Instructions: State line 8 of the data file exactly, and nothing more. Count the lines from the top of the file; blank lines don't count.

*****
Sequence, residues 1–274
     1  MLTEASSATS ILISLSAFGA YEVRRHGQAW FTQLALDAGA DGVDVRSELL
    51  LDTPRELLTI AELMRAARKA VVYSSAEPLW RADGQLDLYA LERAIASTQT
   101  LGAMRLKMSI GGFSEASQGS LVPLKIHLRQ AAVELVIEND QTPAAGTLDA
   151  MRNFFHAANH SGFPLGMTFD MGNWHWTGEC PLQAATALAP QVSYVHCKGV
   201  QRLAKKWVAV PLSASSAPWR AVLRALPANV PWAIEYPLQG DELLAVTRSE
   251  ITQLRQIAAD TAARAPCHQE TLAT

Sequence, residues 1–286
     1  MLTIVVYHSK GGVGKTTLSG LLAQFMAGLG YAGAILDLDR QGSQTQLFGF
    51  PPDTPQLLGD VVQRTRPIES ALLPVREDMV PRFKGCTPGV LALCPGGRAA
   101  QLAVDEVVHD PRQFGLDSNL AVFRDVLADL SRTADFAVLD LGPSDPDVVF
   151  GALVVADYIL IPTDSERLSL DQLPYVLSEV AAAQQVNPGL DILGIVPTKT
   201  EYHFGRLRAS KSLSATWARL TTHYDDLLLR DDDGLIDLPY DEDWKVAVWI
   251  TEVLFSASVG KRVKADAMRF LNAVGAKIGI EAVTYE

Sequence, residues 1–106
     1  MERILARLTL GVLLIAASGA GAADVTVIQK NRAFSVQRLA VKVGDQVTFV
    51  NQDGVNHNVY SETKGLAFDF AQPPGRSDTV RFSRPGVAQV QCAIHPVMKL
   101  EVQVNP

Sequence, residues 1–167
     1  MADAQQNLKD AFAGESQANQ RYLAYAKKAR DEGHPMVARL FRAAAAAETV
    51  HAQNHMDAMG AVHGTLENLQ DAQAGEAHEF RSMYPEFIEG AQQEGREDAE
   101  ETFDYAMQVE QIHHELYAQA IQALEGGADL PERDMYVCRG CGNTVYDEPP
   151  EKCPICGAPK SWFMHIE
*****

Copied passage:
Sequence, residues 1–286